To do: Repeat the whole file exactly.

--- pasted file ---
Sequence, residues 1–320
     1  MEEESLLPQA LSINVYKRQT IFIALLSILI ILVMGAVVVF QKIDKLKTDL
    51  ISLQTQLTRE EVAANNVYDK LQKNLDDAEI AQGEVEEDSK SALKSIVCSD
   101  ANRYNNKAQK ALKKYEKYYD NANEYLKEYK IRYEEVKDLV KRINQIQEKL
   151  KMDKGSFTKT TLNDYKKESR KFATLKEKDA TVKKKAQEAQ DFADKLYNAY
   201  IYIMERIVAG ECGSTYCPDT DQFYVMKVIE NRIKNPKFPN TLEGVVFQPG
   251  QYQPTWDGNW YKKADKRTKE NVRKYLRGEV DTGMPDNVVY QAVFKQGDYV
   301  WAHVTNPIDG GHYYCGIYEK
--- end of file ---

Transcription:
Sequence, residues 1–320
     1  MEEESLLPQA LSINVYKRQT IFIALLSILI ILVMGAVVVF QKIDKLKTDL
    51  ISLQTQLTRE EVAANNVYDK LQKNLDDAEI AQGEVEEDSK SALKSIVCSD
   101  ANRYNNKAQK ALKKYEKYYD NANEYLKEYK IRYEEVKDLV KRINQIQEKL
   151  KMDKGSFTKT TLNDYKKESR KFATLKEKDA TVKKKAQEAQ DFADKLYNAY
   201  IYIMERIVAG ECGSTYCPDT DQFYVMKVIE NRIKNPKFPN TLEGVVFQPG
   251  QYQPTWDGNW YKKADKRTKE NVRKYLRGEV DTGMPDNVVY QAVFKQGDYV
   301  WAHVTNPIDG GHYYCGIYEK